You can always adapt on the fly.

No matter what happens in this market over the next day, week, month, or season, all the real estate market participants have to be paying very, very close attention to which way the wind is blowing.  It can change in an instant, and yet many buyers and sellers are too slow to change with it.

When you go from a cool market to one that’s heating up, it means opportunity, and I think a lot of people experienced that in the condo market in early 2021 when they caught some condo sellers off-guard.

Whether it’s pricing strategy, listing strategy, offer strategy, or something in between, any change in market activity is going to change strategies that both buyers and sellers are going to take.

While I don’t expect much, if anything, to change in the next couple of weeks, I’ll most certainly be on the lookout.

Whether the market is up, down, or sideways, there’s always an opportunity to catch other market participants being slower to adapt.

So here’s hoping that everybody out there is still staying safe, responsible, and above all, reasonable.

Written By David Fleming

David Fleming is the author of Toronto Realty Blog, founded in 2007. He combined his passion for writing and real estate to create a space for honest information and two-way communication in a complex and dynamic market. David is a licensed Broker and the Broker of Record for Bosley – Toronto Realty Group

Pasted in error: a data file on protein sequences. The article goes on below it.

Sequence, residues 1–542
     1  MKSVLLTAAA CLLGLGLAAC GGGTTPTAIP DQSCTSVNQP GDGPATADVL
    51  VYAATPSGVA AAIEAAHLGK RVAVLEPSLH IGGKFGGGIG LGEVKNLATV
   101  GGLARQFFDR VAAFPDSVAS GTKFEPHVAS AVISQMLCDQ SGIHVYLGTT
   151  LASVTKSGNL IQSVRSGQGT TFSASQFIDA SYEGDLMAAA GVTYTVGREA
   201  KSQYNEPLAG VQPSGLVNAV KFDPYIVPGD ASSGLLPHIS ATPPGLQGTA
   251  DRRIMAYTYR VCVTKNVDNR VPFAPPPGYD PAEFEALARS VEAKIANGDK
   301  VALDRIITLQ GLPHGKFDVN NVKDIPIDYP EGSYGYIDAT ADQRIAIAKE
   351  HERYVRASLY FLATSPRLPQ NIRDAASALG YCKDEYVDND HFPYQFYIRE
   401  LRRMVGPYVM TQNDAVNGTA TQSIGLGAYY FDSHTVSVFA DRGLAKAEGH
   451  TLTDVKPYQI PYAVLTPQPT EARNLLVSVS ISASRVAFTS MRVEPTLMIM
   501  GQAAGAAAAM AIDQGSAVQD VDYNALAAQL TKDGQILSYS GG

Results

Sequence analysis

Find Out More About David Read More Posts

Post a Comment

Your email address will not be published.


  1. Bal

    at 7:04 am

    Will The Stay-At-Home Order Affect The Market?…..NO, only higher interest rates will impact the market nothing else, and i have no clue when interest will move higher. even if move higher….
    By the way little kid’s pic is very cute

  2. Francesca

    at 7:14 am

    My parents sold their detached house in north york ten days ago and had 75 showing and 17 offers. They got way more than they ever imagined or expected. There was no competition in their area so it seemed every family looking for a large forever home toured their place and placed an offer. A week later my parents got involved in a four way bidding war on a large condo in the same area and won luckily. Again not much inventory or choice so hence the under list strategy to prompt a bidding war on the sellers behalf. The stay at home orders and lockdown has only fuelled the real estate market it seems as fewer listings hit the market probably from fear of having strangers inside your house. We sold last November and bought this past January and thought the market was over heated then, but it seems to be way worse now! As long as double bookings are banned and safety precautions are taken I think one can safely list and look at houses or condos during Covid.